The Business Registration Service (BRS), a State agency under the Attorney-General's office, has taken on the responsibility of registering trusts following the recent enactment of new legislation.

This shift in duties was formalised after President William Ruto signed the Statute Laws (Miscellaneous Amendment) Act, 2024, last month, thereby transferring the function from the Ministry of Lands.

The amendment to the Trustees (Perpetual Succession) Act facilitated this transition, effectively moving the registration responsibilities from the State Department of Lands and Physical Planning to the BRS.

"Effective Wednesday 22nd May 2024 the State Department for Lands and Physical Planning shall cease receiving applications for registration and incorporation of trusts," stated BRS director-general Kenneth Gathuma.

This change impacts trusts managed by trustees appointed by various bodies or associations established for religious, educational, literary, scientific, social, athletic, or charitable purposes.

It also includes trustees who have formed themselves for such purposes or are managing a pension fund.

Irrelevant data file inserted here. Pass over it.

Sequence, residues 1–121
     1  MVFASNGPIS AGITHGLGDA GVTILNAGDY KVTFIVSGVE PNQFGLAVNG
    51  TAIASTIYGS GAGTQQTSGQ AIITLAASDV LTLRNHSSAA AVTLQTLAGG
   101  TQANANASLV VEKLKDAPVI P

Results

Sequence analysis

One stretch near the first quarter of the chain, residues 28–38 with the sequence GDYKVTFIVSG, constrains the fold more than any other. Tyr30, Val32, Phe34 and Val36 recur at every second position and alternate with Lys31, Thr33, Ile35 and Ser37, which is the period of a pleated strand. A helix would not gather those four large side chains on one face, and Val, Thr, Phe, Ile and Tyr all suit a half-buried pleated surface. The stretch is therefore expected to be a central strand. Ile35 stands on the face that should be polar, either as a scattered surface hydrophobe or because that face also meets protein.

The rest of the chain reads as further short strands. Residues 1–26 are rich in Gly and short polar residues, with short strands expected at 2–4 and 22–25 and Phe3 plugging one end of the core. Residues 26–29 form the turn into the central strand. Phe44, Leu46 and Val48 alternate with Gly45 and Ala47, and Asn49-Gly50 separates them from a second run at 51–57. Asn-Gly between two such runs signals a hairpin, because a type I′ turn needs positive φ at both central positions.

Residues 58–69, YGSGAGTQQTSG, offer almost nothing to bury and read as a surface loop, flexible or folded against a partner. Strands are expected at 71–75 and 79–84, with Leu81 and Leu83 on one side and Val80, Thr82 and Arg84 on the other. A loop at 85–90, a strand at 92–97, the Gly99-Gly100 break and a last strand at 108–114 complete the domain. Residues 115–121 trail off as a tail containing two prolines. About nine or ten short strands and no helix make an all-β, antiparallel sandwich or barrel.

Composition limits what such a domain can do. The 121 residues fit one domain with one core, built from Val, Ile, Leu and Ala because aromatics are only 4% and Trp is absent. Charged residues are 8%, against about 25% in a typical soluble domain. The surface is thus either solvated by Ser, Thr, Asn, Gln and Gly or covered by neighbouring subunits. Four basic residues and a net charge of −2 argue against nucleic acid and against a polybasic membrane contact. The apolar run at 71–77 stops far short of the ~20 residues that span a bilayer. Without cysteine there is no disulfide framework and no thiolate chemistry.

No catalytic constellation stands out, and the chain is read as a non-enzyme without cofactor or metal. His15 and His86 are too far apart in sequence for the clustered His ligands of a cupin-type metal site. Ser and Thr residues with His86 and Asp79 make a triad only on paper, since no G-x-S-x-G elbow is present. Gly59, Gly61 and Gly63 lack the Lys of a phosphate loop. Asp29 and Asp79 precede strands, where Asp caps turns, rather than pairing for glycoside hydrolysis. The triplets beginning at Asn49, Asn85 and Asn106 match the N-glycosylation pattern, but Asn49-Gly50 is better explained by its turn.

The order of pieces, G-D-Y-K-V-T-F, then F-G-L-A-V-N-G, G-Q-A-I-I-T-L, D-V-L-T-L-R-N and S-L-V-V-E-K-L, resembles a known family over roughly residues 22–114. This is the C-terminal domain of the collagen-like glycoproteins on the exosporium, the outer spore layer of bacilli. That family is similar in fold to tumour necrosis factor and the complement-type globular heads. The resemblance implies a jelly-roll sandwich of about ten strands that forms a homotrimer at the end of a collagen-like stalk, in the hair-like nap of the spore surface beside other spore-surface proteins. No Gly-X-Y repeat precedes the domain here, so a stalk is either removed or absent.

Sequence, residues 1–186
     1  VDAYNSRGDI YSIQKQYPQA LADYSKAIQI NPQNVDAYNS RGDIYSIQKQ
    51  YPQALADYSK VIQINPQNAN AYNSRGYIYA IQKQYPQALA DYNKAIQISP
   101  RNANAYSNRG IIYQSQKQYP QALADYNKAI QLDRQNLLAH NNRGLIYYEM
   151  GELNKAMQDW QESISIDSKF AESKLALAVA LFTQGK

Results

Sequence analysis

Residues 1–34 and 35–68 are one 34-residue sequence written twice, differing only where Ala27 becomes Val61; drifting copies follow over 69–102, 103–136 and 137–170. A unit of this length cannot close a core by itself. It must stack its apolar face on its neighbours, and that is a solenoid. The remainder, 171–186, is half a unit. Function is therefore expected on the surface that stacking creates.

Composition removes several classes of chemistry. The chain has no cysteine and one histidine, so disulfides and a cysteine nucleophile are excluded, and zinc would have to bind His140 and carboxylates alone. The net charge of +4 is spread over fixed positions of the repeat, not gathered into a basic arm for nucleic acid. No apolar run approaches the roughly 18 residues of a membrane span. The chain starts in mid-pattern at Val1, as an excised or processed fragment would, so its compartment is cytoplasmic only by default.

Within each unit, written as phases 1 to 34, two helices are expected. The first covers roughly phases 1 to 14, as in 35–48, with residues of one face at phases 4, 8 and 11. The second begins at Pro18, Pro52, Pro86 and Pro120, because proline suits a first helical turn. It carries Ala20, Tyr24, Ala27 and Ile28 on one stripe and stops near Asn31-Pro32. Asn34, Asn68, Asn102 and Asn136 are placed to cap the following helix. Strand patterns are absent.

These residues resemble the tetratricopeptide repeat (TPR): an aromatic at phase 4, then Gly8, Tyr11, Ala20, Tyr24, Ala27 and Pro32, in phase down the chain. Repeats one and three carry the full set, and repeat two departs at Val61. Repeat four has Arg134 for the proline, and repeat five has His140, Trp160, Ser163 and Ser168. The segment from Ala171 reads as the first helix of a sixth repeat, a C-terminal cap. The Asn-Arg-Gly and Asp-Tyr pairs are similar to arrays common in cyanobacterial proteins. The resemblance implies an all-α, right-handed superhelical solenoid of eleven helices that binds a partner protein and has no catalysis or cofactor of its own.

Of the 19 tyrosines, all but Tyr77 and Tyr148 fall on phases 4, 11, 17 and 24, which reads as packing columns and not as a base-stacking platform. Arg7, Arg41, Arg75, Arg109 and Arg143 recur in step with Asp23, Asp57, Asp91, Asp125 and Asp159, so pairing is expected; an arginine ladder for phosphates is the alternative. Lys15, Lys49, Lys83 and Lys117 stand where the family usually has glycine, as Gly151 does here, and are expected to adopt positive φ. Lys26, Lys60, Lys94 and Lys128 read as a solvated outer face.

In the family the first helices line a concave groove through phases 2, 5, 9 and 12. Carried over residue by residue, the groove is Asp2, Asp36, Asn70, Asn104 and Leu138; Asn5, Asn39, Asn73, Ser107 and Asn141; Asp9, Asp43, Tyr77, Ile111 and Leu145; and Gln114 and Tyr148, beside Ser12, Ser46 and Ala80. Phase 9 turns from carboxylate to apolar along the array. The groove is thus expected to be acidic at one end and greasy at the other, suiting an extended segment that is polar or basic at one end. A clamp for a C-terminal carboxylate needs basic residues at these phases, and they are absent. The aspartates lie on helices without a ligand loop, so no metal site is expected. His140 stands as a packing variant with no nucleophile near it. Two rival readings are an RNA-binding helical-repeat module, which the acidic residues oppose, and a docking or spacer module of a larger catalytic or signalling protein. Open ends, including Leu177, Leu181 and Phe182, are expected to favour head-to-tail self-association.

The move expands the remit of the BRS, which already handles the registration of companies, partnerships, and business names.

The fee for registering a trust is set at Sh10,000, a figure that remains unchanged despite the transfer of responsibilities.

Trusts, which are legal arrangements allowing a trustee to hold assets on behalf of a beneficiary, have seen growing popularity in Kenya as a means of effective estate management.

A notable change in the trust landscape occurred with the 2021 amendment to the Trustees (Perpetual Succession) (Amendment) Act, introducing new categories, including family trusts.

Once assets are placed into a family trust, they no longer remain personal property but become the property of the trust itself.

"The primary objective of a family trust is to create or preserve wealth for future generations, rather than operating as a trading entity," explained law firm Bowmans in their analysis.

Analysts have observed that the advantages offered by trusts, including benefits accruing during the lifetime of the individual, have contributed to their rising popularity.

This legislative change and the ensuing transfer of duties to the BRS mark a significant development in the governance and management of trusts in Kenya.